Careful reading requires knowing what to look for in research articles. Every article consists of some core components that you'll need to identify. Once you can identify these components, you can start to make claims about individual researchers and broader trends in the research.
Franklin University has identified six core components of original research (See the Core Components of a Scholarly Article box below).
What Does it Mean to Read Critically?
After you've identified the core components, you are ready to critically read the research. Critical reading involves three major steps: Summary, Evaluation, and Reflection.
Summary: To summarize you should provide a snapshot of the major components of a scholarly article.
Evaluate: To evaluate you should identify what the research does well and the limitations of the research.
Reflection: To reflect you should consider how one or more of these components are relevant to your own research.
As you are reading scholarly articles, compare the different studies and look for patterns:
Are you noticing any pattern in the findings (any agreement and/or debate on particular facts)?
Do you notice any patterns in the methods used (any changes in methods over time)?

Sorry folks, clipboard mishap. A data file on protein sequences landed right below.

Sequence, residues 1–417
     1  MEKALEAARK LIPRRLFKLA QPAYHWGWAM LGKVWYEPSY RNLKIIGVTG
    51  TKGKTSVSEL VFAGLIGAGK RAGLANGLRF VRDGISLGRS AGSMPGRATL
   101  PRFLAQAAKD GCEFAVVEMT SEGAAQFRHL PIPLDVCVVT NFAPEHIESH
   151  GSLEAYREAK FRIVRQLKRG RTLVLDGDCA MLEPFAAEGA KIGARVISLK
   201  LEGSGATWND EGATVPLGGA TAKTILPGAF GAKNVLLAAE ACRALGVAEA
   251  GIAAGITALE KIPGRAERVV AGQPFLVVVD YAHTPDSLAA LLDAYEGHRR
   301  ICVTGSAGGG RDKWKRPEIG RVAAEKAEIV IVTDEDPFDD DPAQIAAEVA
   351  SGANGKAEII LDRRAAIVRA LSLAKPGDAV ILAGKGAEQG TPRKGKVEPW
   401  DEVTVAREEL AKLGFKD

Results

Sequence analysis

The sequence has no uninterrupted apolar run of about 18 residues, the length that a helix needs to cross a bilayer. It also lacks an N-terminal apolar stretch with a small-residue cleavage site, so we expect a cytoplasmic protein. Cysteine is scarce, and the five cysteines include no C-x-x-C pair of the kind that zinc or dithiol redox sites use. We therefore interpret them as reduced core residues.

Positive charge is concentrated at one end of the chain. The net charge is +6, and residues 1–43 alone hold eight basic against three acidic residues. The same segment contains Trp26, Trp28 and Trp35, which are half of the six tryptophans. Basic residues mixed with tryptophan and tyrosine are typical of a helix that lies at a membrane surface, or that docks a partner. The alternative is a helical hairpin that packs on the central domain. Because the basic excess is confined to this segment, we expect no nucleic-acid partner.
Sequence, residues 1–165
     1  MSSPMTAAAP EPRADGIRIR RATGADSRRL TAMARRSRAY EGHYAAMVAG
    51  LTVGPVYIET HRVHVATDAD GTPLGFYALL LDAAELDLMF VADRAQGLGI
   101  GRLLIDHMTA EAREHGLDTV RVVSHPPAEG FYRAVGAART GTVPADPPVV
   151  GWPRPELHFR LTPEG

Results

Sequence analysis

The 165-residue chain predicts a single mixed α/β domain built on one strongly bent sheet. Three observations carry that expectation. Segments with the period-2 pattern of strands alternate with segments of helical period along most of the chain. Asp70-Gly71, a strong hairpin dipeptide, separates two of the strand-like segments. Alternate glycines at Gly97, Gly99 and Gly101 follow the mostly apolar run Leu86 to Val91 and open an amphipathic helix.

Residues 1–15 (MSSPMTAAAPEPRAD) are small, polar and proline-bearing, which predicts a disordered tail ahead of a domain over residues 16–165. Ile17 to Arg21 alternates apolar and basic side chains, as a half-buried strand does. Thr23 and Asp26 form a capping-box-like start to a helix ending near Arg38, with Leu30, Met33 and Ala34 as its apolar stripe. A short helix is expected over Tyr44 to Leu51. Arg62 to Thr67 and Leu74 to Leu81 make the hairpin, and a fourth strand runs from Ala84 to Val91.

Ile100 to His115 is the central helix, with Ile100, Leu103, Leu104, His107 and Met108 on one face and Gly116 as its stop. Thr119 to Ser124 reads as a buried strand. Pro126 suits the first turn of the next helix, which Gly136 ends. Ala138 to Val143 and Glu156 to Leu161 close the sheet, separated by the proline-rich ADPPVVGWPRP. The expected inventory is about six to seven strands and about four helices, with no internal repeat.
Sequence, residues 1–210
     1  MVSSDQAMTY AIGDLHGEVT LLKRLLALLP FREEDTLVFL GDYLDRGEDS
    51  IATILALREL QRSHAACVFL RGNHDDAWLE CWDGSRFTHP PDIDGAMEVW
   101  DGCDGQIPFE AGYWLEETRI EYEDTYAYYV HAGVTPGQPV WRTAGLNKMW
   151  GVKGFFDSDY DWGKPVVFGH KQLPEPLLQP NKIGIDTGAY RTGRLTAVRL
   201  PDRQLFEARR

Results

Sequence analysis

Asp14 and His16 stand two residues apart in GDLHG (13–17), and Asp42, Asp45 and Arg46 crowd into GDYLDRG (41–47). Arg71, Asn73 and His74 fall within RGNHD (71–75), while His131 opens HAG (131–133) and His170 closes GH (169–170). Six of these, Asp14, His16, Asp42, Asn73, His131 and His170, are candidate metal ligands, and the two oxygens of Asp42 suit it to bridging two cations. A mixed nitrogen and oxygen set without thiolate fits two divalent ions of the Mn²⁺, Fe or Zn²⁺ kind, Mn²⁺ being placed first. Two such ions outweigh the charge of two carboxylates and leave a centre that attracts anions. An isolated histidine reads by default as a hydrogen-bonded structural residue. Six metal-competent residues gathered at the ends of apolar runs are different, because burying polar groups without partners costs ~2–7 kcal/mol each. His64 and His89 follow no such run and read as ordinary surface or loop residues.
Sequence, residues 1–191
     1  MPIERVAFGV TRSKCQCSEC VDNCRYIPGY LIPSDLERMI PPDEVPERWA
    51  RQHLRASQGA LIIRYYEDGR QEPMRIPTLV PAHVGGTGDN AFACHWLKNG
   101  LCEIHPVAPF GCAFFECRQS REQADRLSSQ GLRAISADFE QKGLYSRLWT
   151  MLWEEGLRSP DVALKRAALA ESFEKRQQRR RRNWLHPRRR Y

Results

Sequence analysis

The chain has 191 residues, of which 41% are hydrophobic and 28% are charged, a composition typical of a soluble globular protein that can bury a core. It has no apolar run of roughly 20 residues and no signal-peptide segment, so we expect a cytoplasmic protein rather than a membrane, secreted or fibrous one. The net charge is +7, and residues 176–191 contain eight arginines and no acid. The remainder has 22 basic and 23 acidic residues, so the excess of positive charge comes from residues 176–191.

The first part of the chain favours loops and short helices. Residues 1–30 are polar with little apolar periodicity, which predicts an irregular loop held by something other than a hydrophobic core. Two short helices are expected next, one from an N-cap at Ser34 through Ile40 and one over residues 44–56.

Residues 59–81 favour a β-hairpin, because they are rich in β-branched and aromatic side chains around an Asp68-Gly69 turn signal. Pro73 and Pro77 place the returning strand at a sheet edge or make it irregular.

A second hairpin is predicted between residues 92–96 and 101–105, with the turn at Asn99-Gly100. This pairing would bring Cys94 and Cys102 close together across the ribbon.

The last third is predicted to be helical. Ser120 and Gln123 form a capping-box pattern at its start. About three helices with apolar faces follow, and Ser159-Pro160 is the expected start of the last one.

Have you noticed researchers making calls for similar future research (pattern of implications)?
Core Components of a Scholarly Article
All research articles have the following features:
A focus. Researchers say, “this is what I’m interested in.”
A rationale.Researchers say, “this is why this work ought to be done.”
A scholarly context.Researchers say, “this is what others have done on my topic so far”
A method.Researchers say, “This is how I’m going to study what I’m interested in”
A set of findings.Researchers say, “This is what I discovered after I did my research, and here’s what I have to say about it”
A set of implications.Researchers say, “Here is what my research means for all us going forward”